The term “Electric Motor Testing” (EMT) is one we conceived here at Snell to refer to a group of testing methodologies that are called different things by the manufacturers of the various equipment utilized to perform them. We wanted to use a term that wasn’t among those used so we could avoid the appearance of preferring or endorsing one over the other. We differentiate between energized and de-energized testing, but we use EMT to refer to either type of testing. I like the term, but it does leave an element out.
In the various literature out there on this topic, one might see the terms Motor Circuit Evaluation (MCE) or Motor Circuit Analysis (MCA) used to describe de-energized (also sometimes called “static”) EMT. Those terms are a bit more descriptive, in that they include “circuit” in them. When performing de-energized EMT, the typical method is to attach to the motor circuit at the starter, generally on the T leads as they leave the starter itself. De-energized EMT looks at several electrical parameters; phase to phase resistance, phase to phase inductance, capacitance to ground and resistance to ground among them. It also allows for polarization index and dielectric absorption testing, depending on operator selected options.
All the test types described above are looking at the electrical interaction between phases. In the motor itself, the stator windings are compared to one another from one phase to another. The comparison of electrical resistance, capacitance and inductance is also being measured in the cabling. That’s why the inclusion of the word “circuit” exists in the naming convention of these technologies. When attaching to the motor at the starter output, you’re testing both the motor and the motor circuit, hence the names MCA/MCE. When applying de-energized EMT from the starter, the cables and the motor are being tested together.
Some of the failure modes detected with de-energized EMT, that are applicable to motor windings, also apply to cabling. Insulation embrittlement, moisture intrusion, insulation breakdown all can be detected with this test method. However, when testing from the motor starter, the results detected can be caused by either the motor itself or the motor circuit. Isolation is required to determine where the failure mode exists. The next step after discovering one of these failure modes at the starter is to electrically disconnect the motor and test again in the same location. If the failure mode still presents, the motor is the culprit. If not, the cables could then be tested in a stand-alone fashion.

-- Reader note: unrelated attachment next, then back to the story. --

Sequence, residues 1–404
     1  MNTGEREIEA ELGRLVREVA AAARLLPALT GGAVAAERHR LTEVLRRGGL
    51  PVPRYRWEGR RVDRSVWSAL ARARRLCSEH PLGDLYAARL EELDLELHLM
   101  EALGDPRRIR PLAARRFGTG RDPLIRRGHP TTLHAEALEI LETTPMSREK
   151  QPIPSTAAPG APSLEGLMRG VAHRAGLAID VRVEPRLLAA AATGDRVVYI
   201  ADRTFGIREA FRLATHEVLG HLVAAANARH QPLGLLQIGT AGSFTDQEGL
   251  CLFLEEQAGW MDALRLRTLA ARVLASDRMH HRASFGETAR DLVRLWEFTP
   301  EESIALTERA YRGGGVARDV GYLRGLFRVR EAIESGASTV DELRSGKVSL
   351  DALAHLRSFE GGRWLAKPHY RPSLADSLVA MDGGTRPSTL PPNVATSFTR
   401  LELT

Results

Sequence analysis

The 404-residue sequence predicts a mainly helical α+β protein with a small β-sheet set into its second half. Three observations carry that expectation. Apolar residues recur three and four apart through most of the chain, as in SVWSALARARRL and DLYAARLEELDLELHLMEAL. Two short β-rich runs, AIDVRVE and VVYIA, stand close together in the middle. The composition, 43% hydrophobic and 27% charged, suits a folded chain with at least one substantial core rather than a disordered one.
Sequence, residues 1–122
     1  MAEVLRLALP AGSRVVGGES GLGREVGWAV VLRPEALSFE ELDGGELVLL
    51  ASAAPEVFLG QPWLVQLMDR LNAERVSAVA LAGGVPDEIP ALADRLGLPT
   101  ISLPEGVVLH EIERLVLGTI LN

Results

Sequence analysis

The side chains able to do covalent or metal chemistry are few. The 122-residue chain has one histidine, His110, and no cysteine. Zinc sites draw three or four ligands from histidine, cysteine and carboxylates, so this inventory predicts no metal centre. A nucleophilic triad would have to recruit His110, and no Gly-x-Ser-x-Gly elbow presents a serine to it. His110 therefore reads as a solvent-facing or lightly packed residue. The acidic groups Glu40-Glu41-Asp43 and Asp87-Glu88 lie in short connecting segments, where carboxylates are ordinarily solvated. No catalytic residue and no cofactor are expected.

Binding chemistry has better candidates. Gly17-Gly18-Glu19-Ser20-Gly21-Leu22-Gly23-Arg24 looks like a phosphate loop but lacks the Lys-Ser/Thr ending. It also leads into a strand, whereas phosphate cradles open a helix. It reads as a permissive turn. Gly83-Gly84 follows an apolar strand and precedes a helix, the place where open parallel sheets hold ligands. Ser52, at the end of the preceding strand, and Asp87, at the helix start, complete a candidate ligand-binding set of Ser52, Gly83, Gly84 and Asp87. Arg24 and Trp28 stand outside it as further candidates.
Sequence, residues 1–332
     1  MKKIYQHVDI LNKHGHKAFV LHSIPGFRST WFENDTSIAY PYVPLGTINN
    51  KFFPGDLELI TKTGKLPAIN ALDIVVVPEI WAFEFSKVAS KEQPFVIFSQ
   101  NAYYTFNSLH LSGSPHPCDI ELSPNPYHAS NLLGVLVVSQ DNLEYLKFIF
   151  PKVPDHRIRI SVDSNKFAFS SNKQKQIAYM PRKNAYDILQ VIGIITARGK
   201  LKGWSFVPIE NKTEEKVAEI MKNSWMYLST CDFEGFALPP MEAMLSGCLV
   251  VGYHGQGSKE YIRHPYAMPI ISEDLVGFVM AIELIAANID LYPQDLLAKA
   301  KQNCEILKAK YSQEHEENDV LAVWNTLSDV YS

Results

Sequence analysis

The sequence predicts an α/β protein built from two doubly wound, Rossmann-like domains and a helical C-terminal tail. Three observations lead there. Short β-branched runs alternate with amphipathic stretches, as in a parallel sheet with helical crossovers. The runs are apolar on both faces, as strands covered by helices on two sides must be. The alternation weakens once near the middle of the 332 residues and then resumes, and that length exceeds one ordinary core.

This can be easily accomplished utilizing most motor testers. While these instruments aren’t intended to be utilized just for cable testing, configuring them to appear electrically like a motor can often yield the type of results necessary to identify failure modes. Another option is utilizing a cable tester once the determination has been made by isolating the motor that the cables are to blame for the anomalous data.
No matter what type of tester you have, or what you would call the actual tests run, EMT is a powerful tool for your plant’s reliability program. If you’d like to learn more, consider attending our Electric Motor Testing—Energized & De-Energized course in 2019. Or, order one of our on-demand webinars now and get a jump start on 2019!